Vietnam, Flash, Google, CD-Roms and a Pernickety Marketing Executive
Saturday December 22nd 2007, 3:16 pm
Filed under: News Update


Vietnam - a surging new market?

Vietnam has attracted a record $15 billion in foreign direct investment so far this year, up nearly 40 per cent from the same period last year, an official said. The amount strengthened booming Vietnam’s reputation as the new Asian magnet for investment, thanks to low wages, high literacy and a youthful population. Of the fresh capital, more than $13 billion come from 1,283 newly licensed projects and the remainder from the expansions of existing projects, said Phan Huu Thang, director of the Foreign Investment Department under the Ministry of Planning and Investment.

“Most of the new projects invest in services and technologies,” Thang said, adding that investors from Asia make up most of the fresh investment capital. South Korea took the lead with $3.68 billion, or 24.5 per cent of the total of newly registered capital, followed by the British Virgins Islands with $3.5 billion, Singapore with $1.55 billion and Taiwan with $1.14 billion. “The figures show that Vietnam is becoming a more attractive destination in Asia for foreign investors,” Thang said. Thang forecast that the total inflow into Vietnam would exceed $16 billion this year, a substantial jump over the initial target of $13 billion.

This report, published in the Bangkok Post adds credence to other recent resportse that Thailand has been downgrading its status as an investment destination, whereas Vietnam has been working in the opposite direction.

Last year, the Thai interim government implemented increasingly nationalistic policies and the investment climate here has deterred many would-be investors.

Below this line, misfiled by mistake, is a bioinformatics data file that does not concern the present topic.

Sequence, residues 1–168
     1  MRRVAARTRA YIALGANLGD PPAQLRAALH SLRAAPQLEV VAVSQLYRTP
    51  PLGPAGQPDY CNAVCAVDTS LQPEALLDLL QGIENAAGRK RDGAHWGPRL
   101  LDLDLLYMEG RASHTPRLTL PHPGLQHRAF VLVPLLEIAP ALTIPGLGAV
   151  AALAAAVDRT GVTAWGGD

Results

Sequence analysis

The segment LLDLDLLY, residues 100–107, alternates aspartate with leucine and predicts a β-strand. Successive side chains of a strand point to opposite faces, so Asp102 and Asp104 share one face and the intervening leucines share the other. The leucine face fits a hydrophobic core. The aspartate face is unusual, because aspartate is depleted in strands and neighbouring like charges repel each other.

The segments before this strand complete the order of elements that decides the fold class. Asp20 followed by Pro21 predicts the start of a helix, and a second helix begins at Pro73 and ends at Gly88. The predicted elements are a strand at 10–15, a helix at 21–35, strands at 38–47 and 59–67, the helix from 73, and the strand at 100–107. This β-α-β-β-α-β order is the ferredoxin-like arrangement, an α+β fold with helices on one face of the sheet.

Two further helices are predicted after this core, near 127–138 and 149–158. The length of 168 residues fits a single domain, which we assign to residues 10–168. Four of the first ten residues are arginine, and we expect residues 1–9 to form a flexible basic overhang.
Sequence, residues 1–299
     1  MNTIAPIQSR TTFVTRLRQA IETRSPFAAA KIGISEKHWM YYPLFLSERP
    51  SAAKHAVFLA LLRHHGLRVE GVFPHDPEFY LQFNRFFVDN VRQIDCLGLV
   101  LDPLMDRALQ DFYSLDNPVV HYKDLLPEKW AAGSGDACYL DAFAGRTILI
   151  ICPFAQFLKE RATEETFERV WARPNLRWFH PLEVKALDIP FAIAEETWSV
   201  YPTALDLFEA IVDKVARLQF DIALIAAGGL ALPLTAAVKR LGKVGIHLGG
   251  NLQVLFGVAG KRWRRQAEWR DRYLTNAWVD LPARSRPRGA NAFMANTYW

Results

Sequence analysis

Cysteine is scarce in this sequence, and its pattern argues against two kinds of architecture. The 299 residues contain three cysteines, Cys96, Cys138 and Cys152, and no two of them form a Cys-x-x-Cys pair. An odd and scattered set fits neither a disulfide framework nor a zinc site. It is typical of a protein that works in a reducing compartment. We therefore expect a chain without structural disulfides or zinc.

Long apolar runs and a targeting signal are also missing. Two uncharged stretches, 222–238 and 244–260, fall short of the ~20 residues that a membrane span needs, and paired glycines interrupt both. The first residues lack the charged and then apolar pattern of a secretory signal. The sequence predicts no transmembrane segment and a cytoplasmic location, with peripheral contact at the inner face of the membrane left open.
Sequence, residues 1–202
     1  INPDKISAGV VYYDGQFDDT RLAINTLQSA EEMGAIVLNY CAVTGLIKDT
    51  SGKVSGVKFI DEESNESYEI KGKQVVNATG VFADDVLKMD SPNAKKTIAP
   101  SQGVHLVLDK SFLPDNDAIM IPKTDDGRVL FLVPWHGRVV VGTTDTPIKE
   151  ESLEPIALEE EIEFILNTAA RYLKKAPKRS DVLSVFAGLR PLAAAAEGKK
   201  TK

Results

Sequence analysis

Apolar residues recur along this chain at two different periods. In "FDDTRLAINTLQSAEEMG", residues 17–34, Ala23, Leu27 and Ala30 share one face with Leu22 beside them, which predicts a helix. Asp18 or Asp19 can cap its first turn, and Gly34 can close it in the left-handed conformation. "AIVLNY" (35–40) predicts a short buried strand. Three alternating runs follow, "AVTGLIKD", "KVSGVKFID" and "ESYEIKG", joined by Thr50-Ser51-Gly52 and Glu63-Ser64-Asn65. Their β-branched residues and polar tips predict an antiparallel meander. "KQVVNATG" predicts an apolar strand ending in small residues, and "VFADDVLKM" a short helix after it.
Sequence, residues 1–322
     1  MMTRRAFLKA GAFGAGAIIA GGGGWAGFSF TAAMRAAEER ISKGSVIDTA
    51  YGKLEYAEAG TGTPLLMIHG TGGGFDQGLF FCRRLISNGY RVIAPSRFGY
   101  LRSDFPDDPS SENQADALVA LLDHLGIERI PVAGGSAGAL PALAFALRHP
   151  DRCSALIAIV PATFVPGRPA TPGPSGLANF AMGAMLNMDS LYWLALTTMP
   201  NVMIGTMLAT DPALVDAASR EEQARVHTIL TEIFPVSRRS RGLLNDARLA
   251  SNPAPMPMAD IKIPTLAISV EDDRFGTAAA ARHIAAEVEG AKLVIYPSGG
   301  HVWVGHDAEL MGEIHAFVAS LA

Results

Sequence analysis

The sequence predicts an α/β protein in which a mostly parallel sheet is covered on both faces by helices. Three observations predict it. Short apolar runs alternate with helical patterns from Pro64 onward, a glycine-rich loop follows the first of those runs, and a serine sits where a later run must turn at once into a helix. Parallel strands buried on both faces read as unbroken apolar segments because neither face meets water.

Only a few web companies are operating successfully out there at the moment but, with Vietnam’s business environment expanding as it is, we conclude it won’t be long before all this changes. It extends our Asian exposure to boot. With this in mind, we have set up a strategic partner in Ho Chi Minh City with the long-term view of gaining market share.

In just four days following the launch of, the site got to #15 on Google and #2 on Yahoo! for “vietnam web design”. It just goes to show how little the Vietnamese market is saturated with web design companies competing for business. We’ve just returned from a week’s fact-finding mission, which went very well.

We have also launched and will be setting up the same deal there some time soon.

Online marketing and our new year’s policies

For the past couple of years our online marketing rates have remained stagnant. Most people would concur that search engine marketing could be counted amongst the most obscure, deafeningly dull subjects to discuss over a quiet beer, even though there’s big money in it.

This year we have adjusted our rates slightly upwards and have excluded SEO from our overall package prices. After research, we found that we have been significantly cheaper than other companies in the market, so we are now asking for a performance bonus on a results-based platform, which we feel is a far fairer model for our clients - and us, of course.

For more information, you can download our new, unique pricing model by clicking here.

Flash and the art of motorcycle maintenance